UWRT 100 Critical Reading and Writing (Torres): Construct a Better Search


Summon Search Tips and Strategies

This page is intended to help you construct a better search so that you obtain the results you want!

It is best to not enter a sentence or lengthy string of words into the Summon search box.  It is more effective to enter short phrases or single words and connect your terms with a Boolean operator.  Please review the boxes below for more information on how to use phrase searching, Boolean operators and wildcard searches.

The tips below are specific to searching Summon.  Most databases, however, offer similar functionality.  Check the "Help" screen of a database to learn more about how each particular database functions.

Phrase Searching

Summon 2.0™ allows you to search for phrases using “ ” (quotes). Phrase searching allows you to search for documents containing a specific phrase rather than keywords in a randomized order.

The query “academic honesty” will find results with that phrase.

Wildcard (?,*) Searches

Searches  can be performed using the wildcards “?” (question mark) and “*” (asterisk).

The question mark (?) will match any one character and can be used to find “Smith” or “Smyth” by searching for “Sm?th”.

The asterisk (*) will match zero or more characters within a word or at the end of a word. A search for “Ch*ter” would match “Charter”, “Character”, and “Chapter”. When used at the end of a word, such as “Tech*”, it will match all suffixes “technology”, “technological”,  and “technically”.

Wildcards cannot be used as the first character of a search.

Proximity Searching

Proximity searching allows you to limit your results to those where your keywords appear within a certain number of words from each other.  This is helpful because the results are more likely to be meaningful to you if your search terms are occurring near each other and in the same context.  Proximity searching will remove the results where your search terms do appear within the document but are not being used together and are, therefore, likely to have a different meaning.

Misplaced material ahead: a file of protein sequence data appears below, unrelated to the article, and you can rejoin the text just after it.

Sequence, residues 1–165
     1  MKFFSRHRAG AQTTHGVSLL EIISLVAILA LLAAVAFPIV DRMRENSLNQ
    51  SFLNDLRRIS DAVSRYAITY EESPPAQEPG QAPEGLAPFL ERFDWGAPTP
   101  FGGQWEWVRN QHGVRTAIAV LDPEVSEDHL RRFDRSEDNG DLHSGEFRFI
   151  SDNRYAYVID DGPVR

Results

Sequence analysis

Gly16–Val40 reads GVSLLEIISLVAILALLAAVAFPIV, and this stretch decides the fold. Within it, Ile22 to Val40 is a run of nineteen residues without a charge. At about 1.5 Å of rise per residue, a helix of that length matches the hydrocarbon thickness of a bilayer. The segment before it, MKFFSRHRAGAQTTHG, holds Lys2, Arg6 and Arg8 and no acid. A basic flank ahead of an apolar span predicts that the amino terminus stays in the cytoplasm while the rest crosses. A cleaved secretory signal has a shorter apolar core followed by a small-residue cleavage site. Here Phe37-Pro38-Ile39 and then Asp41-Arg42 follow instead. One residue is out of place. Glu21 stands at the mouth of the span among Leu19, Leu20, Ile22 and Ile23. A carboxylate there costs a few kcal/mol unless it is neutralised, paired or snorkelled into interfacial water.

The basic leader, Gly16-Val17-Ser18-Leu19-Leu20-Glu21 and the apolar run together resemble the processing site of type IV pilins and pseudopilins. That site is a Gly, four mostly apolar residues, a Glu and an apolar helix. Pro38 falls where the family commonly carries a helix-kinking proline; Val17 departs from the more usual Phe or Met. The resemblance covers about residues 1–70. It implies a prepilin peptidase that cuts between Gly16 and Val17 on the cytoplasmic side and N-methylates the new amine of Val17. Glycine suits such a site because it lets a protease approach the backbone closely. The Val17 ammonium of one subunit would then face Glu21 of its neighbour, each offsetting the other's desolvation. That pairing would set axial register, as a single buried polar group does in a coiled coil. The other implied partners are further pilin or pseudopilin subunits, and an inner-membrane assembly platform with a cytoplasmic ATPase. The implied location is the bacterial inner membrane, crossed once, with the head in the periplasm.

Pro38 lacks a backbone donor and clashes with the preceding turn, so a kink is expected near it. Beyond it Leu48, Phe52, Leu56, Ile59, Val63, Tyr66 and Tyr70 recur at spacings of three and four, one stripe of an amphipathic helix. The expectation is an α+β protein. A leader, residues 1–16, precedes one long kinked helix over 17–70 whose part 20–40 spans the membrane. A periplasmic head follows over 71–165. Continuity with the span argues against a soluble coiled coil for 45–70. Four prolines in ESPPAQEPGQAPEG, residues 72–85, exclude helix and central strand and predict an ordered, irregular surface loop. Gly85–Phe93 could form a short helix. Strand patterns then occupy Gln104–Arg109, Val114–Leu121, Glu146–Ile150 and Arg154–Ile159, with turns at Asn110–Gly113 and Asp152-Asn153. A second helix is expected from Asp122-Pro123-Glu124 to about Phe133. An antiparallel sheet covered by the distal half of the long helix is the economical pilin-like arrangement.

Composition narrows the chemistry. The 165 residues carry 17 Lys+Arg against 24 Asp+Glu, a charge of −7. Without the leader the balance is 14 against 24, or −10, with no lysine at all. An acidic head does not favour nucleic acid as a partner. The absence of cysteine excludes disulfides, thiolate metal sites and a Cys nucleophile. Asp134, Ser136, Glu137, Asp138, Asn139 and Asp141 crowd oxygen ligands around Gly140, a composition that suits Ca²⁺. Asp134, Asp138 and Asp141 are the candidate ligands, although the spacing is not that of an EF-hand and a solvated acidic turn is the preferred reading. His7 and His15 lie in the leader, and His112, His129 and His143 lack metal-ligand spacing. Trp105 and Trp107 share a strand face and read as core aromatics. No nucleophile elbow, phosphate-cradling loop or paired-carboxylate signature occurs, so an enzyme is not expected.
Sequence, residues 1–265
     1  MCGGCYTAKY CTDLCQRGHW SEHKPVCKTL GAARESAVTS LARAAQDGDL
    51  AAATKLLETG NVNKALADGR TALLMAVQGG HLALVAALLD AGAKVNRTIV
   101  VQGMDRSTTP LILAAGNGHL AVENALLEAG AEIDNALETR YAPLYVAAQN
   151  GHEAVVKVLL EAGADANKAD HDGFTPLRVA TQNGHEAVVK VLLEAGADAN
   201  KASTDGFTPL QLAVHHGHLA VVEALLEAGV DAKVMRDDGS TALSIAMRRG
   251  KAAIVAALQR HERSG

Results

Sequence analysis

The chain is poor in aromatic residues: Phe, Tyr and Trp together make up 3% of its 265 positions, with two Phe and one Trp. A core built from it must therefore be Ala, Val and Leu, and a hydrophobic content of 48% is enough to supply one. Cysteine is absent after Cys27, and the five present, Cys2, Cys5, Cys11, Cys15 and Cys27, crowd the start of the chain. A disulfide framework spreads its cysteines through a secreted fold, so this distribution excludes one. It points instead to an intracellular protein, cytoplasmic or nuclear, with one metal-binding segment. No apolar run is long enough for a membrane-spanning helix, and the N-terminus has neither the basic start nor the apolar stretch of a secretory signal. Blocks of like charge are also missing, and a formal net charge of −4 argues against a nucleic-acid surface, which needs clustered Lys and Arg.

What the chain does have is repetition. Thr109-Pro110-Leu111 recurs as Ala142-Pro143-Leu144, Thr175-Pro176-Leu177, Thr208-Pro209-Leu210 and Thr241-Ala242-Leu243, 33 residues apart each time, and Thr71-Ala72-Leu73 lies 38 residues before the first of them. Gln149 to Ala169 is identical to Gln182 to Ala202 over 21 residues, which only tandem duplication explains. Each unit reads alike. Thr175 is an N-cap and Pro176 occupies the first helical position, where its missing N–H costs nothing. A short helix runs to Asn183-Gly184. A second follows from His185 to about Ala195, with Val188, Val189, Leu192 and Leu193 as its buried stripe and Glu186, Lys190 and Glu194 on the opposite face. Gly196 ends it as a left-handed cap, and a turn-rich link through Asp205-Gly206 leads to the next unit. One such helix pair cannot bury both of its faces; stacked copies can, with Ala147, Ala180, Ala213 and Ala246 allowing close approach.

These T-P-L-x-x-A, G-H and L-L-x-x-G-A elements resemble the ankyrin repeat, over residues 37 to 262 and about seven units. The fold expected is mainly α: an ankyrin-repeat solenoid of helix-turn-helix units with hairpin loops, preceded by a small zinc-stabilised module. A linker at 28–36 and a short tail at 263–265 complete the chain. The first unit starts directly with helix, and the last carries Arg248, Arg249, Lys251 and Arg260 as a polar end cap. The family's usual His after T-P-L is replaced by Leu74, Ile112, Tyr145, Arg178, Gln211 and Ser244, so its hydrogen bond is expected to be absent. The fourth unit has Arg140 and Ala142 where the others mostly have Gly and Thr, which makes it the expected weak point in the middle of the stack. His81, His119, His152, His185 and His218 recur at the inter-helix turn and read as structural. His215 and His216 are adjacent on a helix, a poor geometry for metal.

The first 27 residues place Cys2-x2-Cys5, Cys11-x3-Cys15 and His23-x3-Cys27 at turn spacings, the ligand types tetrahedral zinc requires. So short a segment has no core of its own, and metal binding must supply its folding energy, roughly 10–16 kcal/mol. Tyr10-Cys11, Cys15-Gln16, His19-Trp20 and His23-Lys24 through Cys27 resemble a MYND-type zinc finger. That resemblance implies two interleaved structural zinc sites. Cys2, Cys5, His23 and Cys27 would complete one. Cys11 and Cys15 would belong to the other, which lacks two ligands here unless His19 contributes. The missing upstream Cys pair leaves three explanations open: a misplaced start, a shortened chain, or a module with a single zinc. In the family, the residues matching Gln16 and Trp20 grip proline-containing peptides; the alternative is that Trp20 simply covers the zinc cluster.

To use the proximity search, enclose your search terms in quotes and use the tilde (~) followed by a number.  The number indicates the maximum number of words you wish to allow between your search terms.

For example:

"employee engagement"~5

finds material where "employee" and "engagement" appear within 5 words of each other.

NOTE: proximity searching does not take the order of search terms into account. A search on "employee engagement strategies"~5 will yield results in which the three search terms appear in various orders.

Boolean Operators

Summon offers the following Boolean operations: OR, NOT and AND. The operators must be written in ALL CAPS.

By default, all terms in a search are combined with the AND operator. To expand the results set, use the OR operator “microcircuits OR nanocircuits” will return items that contain either term.

This can be combined with quoted terms such as “teacher education” OR “educator training”.

To exclude items in Summon, use the NOT operator or “-” (hyphen) character before a term. When used in the following query “animal NOT dog” the results will not include the term “dog”.

Searching Specific Fields

The single search box in Summon (basic search box or keyword search box in advanced search) will search across many fields automatically. For example, entering an ISBN, ISSN, or Call Number will bring back  records related to those fields.

You can explicitly search a field using the syntax: “field:(search terms).” For example, the search ISSN:(1234-5678), finds records that contain that value in the ISSN field. Similarly, the search: title: (microelectronics systems) will deliver records that contain the words Microelectronic Systems in the title.

Searchable fields:

  • Title
  • SubjectTerms
  • Author
  • Publisher
  • PublicationTitle
  • Volume
  • Issue
  • Language
  • Notes
  • ISBN
  • ISSN
  • DOI

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Please contact your librarian with any questions.

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